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The Woman with the Fan   By: (1864-1950)

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By Robert Hichens


IN a large and cool drawing room of London a few people were scattered about, listening to a soprano voice that was singing to the accompaniment of a piano. The sound of the voice came from an inner room, towards which most of these people were looking earnestly. Only one or two seemed indifferent to the fascination of the singer.

A little woman, with oily black hair and enormous dark eyes, leaned back on a sofa, playing with a scarlet fan and glancing sideways at a thin, elderly man, who gazed into the distance from which the voice came. His mouth worked slightly under his stiff white moustache, and his eyes, in colour a faded blue, were fixed and stern. Upon his knees his thin and lemon coloured hands twitched nervously, as if they longed to grasp something and hold it fast. The little dark woman glanced down at these hands, and then sharply up at the elderly man's face. A faint and malicious smile curved her full lips, which were artificially reddened, and she turned her shoulder to him with deliberation and looked about the room.

On all the faces in it, except one, she perceived intent expressions. A sleek and plump man, with hanging cheeks, a hooked nose, and hair slightly tinged with grey and parted in the middle, was the exception. He sat in a low chair, pouting his lips, playing with his single eyeglass, and looking as sulky as an ill conditioned school boy. Once or twice he crossed and uncrossed his short legs with a sort of abrupt violence, laid his fat, white hands on the arms of the chair, lifted them, glanced at his rosy and shining nails, and frowned. Then he shut his little eyes so tightly that the skin round them became wrinkled, and, stretching out his feet, seemed almost angrily endeavouring to fall asleep.

A tall young man, who was sitting alone not far off, cast a glance of contempt at him, and then, as if vexed at having bestowed upon him even this slight attention, leaned forward, listening with eagerness to the soprano voice. The little dark woman observed him carefully above the scarlet feathers of her fan, which she now held quite still. His face was lean and brown. His eyes were long and black, heavy lidded, and shaded by big lashes which curled upward. His features were good. The nose and chin were short and decided, but the mouth was melancholy, almost weak. On his upper lip grew a short moustache, turned up at the ends. His body was slim and muscular.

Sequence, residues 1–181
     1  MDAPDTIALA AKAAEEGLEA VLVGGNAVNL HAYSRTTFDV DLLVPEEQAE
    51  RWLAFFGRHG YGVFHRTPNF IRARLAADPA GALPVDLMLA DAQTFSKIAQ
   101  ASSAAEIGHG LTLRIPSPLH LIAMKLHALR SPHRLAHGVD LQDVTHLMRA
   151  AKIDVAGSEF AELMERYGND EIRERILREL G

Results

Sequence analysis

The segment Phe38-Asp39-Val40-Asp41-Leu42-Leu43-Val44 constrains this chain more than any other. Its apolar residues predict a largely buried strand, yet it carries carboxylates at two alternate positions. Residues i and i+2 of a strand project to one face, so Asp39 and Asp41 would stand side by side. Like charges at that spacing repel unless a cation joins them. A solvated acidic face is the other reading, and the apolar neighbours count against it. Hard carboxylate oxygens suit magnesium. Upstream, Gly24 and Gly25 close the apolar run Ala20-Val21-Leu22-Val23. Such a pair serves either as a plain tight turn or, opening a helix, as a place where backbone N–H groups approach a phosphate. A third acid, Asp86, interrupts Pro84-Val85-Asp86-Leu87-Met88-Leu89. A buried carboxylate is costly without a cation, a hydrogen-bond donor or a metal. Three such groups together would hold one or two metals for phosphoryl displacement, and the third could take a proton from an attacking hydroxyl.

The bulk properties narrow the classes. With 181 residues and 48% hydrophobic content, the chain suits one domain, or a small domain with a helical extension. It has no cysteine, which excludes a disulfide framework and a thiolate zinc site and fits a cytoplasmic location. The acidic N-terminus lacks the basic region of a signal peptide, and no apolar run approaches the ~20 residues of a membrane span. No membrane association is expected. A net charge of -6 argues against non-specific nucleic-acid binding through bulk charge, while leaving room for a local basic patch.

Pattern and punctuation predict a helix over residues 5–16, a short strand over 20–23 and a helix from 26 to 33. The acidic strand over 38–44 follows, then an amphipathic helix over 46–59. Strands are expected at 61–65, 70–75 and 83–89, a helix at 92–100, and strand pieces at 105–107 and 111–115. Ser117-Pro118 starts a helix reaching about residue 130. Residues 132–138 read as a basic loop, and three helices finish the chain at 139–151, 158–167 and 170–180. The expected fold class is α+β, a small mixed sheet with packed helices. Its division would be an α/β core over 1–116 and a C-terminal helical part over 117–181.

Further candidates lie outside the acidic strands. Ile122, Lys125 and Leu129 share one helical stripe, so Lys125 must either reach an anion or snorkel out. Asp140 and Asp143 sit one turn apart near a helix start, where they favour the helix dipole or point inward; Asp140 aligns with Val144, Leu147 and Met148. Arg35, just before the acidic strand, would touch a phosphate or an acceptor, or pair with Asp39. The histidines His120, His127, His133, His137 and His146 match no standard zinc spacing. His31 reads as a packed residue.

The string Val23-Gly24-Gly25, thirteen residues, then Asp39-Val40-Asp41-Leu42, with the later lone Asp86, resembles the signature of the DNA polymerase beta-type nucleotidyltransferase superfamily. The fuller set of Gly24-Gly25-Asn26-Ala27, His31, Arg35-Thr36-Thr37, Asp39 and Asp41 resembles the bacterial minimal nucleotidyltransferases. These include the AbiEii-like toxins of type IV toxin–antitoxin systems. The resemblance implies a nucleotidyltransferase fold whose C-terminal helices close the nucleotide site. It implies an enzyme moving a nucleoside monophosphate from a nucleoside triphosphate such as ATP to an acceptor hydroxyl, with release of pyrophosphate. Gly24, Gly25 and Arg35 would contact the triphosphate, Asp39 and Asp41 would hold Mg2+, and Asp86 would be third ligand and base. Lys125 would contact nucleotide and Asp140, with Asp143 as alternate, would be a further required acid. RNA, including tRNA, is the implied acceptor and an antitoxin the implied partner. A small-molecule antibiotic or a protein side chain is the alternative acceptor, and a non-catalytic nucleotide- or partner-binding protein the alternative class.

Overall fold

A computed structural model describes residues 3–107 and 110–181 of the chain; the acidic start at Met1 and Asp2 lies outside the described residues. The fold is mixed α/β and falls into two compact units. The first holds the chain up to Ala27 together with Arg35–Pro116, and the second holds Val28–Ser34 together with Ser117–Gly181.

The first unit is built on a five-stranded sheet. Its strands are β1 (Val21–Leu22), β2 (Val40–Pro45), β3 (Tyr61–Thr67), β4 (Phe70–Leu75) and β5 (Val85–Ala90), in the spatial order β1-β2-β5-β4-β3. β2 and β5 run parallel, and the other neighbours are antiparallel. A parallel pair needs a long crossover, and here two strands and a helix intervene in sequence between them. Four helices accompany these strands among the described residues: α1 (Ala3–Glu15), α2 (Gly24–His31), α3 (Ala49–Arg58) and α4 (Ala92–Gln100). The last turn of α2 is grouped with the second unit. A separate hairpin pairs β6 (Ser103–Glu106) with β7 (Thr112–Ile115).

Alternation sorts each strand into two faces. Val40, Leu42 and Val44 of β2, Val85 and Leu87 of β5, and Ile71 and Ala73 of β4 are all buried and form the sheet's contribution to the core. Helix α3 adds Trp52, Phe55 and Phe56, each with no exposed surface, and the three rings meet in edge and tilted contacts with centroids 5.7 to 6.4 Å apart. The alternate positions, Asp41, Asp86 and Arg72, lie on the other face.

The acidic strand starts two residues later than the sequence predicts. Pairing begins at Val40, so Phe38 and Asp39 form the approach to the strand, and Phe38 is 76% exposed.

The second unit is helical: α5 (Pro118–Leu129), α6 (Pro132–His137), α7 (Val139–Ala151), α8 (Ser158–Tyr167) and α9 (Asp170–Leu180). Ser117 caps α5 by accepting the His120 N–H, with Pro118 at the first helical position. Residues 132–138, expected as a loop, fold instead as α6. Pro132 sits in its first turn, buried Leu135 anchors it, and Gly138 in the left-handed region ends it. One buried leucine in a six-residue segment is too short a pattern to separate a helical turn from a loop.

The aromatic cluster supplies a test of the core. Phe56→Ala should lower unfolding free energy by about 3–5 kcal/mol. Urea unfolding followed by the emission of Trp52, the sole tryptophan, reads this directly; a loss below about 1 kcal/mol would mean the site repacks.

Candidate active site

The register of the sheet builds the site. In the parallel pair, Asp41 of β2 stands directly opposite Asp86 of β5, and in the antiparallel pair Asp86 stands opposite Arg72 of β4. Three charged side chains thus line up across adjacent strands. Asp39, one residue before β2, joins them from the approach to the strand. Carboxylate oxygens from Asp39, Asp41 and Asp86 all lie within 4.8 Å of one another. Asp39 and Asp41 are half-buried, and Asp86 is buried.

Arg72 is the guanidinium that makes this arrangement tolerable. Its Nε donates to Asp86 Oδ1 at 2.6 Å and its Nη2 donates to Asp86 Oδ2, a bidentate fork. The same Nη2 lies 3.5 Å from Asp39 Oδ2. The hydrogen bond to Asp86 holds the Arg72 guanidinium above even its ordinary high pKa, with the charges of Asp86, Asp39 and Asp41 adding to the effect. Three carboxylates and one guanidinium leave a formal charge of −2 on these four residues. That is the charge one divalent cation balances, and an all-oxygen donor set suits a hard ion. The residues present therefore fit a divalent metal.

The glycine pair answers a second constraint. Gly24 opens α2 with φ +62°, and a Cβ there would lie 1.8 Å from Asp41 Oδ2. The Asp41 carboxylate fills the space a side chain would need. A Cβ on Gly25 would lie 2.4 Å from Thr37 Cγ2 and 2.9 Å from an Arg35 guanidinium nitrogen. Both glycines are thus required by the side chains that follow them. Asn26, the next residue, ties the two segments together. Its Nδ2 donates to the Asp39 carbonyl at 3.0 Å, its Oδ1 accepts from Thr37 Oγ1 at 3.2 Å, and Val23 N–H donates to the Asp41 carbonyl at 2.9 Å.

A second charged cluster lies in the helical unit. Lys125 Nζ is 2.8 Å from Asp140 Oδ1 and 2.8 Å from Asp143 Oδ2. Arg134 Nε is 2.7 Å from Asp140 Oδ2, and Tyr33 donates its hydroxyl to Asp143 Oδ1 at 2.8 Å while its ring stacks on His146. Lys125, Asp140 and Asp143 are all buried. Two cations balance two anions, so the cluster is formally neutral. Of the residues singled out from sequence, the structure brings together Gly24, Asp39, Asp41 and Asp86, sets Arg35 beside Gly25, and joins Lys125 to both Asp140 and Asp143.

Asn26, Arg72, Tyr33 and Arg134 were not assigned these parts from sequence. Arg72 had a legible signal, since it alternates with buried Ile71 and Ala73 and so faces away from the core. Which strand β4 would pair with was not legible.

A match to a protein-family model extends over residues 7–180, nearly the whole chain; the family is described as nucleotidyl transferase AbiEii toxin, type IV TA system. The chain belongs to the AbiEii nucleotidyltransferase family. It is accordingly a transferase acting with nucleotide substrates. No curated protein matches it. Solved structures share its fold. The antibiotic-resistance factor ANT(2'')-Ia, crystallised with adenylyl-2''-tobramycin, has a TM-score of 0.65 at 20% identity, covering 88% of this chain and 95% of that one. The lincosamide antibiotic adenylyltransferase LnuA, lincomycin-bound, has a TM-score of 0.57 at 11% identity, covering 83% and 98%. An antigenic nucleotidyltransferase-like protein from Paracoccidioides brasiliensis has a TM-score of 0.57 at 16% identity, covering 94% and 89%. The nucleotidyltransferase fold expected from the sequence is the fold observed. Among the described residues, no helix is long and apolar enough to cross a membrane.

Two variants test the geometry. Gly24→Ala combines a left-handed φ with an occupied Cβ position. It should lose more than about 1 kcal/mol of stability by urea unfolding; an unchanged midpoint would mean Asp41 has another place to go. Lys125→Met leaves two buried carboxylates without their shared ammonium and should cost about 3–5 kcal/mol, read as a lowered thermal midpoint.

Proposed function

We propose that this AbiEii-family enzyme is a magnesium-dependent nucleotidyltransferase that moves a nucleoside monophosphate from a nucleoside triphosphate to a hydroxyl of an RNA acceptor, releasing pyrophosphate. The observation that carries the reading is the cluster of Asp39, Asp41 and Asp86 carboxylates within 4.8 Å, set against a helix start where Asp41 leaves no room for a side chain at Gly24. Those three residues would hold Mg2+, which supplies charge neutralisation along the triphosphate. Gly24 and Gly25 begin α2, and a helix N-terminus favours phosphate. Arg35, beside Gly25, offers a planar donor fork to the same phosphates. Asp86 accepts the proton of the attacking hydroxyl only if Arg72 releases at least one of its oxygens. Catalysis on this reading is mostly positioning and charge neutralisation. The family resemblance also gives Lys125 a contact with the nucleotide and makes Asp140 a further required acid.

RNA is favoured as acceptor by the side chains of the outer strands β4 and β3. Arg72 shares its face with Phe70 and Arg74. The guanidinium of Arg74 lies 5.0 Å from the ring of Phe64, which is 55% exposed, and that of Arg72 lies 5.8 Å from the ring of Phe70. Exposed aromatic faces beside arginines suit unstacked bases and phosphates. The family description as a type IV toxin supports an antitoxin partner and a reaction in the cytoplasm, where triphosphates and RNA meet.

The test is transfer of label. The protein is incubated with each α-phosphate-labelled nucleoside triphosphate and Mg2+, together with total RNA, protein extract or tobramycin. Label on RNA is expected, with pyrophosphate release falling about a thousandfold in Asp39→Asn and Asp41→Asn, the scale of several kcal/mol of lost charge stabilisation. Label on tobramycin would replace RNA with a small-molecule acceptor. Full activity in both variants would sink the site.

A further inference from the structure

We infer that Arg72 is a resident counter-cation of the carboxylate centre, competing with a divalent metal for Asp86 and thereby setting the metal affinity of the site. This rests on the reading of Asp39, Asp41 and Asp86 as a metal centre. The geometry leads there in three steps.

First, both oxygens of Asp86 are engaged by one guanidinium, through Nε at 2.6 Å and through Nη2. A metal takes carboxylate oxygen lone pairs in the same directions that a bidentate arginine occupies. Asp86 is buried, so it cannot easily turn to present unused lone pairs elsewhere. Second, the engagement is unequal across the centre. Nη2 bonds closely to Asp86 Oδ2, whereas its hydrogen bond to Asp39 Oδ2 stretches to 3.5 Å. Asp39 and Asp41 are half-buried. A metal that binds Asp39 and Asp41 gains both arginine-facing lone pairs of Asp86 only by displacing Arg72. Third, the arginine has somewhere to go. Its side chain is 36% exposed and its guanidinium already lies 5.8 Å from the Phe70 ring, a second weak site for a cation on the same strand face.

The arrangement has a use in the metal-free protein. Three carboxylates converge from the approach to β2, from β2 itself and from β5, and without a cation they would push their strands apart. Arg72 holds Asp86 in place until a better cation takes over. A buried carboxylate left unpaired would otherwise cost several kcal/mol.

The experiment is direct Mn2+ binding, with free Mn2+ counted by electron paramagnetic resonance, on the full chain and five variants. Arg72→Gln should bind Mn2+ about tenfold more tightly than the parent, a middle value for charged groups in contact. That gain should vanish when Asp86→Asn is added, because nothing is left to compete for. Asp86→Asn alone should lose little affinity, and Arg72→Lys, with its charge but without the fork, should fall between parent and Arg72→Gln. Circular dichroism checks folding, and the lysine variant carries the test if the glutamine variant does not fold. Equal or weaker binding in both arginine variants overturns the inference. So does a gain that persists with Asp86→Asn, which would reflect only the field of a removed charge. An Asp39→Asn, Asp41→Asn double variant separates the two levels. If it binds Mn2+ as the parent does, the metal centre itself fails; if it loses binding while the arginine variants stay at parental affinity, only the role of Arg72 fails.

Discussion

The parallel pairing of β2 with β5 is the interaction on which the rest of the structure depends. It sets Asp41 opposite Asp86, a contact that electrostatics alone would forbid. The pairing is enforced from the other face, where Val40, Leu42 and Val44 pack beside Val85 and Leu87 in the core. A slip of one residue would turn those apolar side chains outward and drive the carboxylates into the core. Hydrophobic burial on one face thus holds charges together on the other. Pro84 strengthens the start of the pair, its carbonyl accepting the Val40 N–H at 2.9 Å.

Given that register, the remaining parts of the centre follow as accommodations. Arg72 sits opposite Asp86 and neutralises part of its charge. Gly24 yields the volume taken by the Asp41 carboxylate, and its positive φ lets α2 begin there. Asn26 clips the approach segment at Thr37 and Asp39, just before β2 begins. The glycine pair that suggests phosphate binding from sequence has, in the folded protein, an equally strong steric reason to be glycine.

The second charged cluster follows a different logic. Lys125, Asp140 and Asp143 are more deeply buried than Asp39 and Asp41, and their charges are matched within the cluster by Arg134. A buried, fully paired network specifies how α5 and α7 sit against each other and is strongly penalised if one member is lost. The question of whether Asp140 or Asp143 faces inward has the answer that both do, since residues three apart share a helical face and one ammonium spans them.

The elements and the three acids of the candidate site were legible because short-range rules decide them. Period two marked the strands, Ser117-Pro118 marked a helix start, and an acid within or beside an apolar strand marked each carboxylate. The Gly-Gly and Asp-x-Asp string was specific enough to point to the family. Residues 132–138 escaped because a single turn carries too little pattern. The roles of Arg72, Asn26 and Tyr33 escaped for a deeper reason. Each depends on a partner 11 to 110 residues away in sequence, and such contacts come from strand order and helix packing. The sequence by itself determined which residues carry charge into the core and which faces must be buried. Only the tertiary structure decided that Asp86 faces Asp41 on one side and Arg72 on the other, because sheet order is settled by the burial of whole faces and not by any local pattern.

After watching him for a little while the dark woman looked again at the elderly man beside her, and then quickly back to the young fellow. She seemed to be comparing the two attentions, of age and of youth. Perhaps she found something horrible in the process for she suddenly lost her expression of sparkling and birdlike sarcasm, and bending her arm, as if overcome with lassitude, she let her fan drop on her knees, and stared moodily at the carpet.

A very tall woman, with snow white hair and a face in which nobility and weariness were mated, let fall two tears, and a huge man, with short, bronze coloured hair and a protruding lower jaw, who was sitting opposite to her, noticed them and suddenly looked proud.

The light soprano voice went on singing an Italian song about a summer night in Venice, about stars, dark waters and dark palaces, heat, and the sound of music, and of gondoliers calling over the lagoons to their comrades. It was an exquisite voice; not large, but flexible and very warm. The pianoforte accompaniment was rather uneasy and faltering. Now and then, when it became blurred and wavering, the voice was abruptly hard and decisive, once even piercing and almost shrewish. Then the pianist, as if attacked by fear, played louder and hurried the tempo, the little dark woman smiled mischievously, the white haired woman put her handkerchief to her eyes, and the young man looked as if he wished to commit murder. But the huge man with the bronze hair went on looking equably proud... Continue reading book >>

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